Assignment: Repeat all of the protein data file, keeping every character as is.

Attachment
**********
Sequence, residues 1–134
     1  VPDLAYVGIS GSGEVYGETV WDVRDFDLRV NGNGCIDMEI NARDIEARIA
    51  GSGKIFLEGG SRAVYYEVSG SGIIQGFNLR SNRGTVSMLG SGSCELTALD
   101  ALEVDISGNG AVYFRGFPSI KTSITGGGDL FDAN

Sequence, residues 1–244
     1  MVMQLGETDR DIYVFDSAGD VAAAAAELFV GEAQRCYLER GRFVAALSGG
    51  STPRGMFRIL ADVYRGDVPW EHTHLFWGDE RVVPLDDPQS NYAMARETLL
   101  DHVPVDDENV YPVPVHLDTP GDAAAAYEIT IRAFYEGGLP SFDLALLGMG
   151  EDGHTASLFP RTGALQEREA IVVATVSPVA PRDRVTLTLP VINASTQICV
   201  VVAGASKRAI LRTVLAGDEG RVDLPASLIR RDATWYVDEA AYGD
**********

Sequence, residues 1–134
     1  VPDLAYVGIS GSGEVYGETV WDVRDFDLRV NGNGCIDMEI NARDIEARIA
    51  GSGKIFLEGG SRAVYYEVSG SGIIQGFNLR SNRGTVSMLG SGSCELTALD
   101  ALEVDISGNG AVYFRGFPSI KTSITGGGDL FDAN

Sequence, residues 1–244
     1  MVMQLGETDR DIYVFDSAGD VAAAAAELFV GEAQRCYLER GRFVAALSGG
    51  STPRGMFRIL ADVYRGDVPW EHTHLFWGDE RVVPLDDPQS NYAMARETLL
   101  DHVPVDDENV YPVPVHLDTP GDAAAAYEIT IRAFYEGGLP SFDLALLGMG
   151  EDGHTASLFP RTGALQEREA IVVATVSPVA PRDRVTLTLP VINASTQICV
   201  VVAGASKRAI LRTVLAGDEG RVDLPASLIR RDATWYVDEA AYGD